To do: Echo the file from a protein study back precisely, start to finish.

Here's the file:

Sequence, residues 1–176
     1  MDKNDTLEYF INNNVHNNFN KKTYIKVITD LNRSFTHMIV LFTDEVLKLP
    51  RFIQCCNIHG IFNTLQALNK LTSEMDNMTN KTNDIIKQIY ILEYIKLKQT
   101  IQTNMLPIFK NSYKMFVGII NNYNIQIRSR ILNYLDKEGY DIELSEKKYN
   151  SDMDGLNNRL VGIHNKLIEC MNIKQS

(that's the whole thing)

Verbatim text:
Sequence, residues 1–176
     1  MDKNDTLEYF INNNVHNNFN KKTYIKVITD LNRSFTHMIV LFTDEVLKLP
    51  RFIQCCNIHG IFNTLQALNK LTSEMDNMTN KTNDIIKQIY ILEYIKLKQT
   101  IQTNMLPIFK NSYKMFVGII NNYNIQIRSR ILNYLDKEGY DIELSEKKYN
   151  SDMDGLNNRL VGIHNKLIEC MNIKQS